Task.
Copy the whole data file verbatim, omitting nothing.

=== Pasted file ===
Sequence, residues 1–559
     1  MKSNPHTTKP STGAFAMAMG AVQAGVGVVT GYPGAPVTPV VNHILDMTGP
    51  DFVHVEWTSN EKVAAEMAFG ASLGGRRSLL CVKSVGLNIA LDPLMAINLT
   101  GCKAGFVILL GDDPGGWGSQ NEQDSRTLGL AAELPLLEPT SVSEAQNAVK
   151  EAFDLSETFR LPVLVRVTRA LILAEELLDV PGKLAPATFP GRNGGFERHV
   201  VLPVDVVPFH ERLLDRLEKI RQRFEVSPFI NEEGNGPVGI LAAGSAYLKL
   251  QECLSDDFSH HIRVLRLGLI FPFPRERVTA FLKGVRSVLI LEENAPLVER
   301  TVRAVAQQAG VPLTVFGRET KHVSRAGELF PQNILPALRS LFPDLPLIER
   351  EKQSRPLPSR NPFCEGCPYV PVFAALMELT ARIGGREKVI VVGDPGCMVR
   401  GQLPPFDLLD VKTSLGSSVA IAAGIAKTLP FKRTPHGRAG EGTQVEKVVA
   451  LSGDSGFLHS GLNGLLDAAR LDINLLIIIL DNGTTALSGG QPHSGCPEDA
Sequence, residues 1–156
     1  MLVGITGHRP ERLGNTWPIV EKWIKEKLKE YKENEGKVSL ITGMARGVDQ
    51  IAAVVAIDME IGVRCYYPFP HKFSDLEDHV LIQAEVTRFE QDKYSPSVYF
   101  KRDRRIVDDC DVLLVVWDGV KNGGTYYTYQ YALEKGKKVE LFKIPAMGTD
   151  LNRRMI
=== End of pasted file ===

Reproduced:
Sequence, residues 1–559
     1  MKSNPHTTKP STGAFAMAMG AVQAGVGVVT GYPGAPVTPV VNHILDMTGP
    51  DFVHVEWTSN EKVAAEMAFG ASLGGRRSLL CVKSVGLNIA LDPLMAINLT
   101  GCKAGFVILL GDDPGGWGSQ NEQDSRTLGL AAELPLLEPT SVSEAQNAVK
   151  EAFDLSETFR LPVLVRVTRA LILAEELLDV PGKLAPATFP GRNGGFERHV
   201  VLPVDVVPFH ERLLDRLEKI RQRFEVSPFI NEEGNGPVGI LAAGSAYLKL
   251  QECLSDDFSH HIRVLRLGLI FPFPRERVTA FLKGVRSVLI LEENAPLVER
   301  TVRAVAQQAG VPLTVFGRET KHVSRAGELF PQNILPALRS LFPDLPLIER
   351  EKQSRPLPSR NPFCEGCPYV PVFAALMELT ARIGGREKVI VVGDPGCMVR
   401  GQLPPFDLLD VKTSLGSSVA IAAGIAKTLP FKRTPHGRAG EGTQVEKVVA
   451  LSGDSGFLHS GLNGLLDAAR LDINLLIIIL DNGTTALSGG QPHSGCPEDA
Sequence, residues 1–156
     1  MLVGITGHRP ERLGNTWPIV EKWIKEKLKE YKENEGKVSL ITGMARGVDQ
    51  IAAVVAIDME IGVRCYYPFP HKFSDLEDHV LIQAEVTRFE QDKYSPSVYF
   101  KRDRRIVDDC DVLLVVWDGV KNGGTYYTYQ YALEKGKKVE LFKIPAMGTD
   151  LNRRMI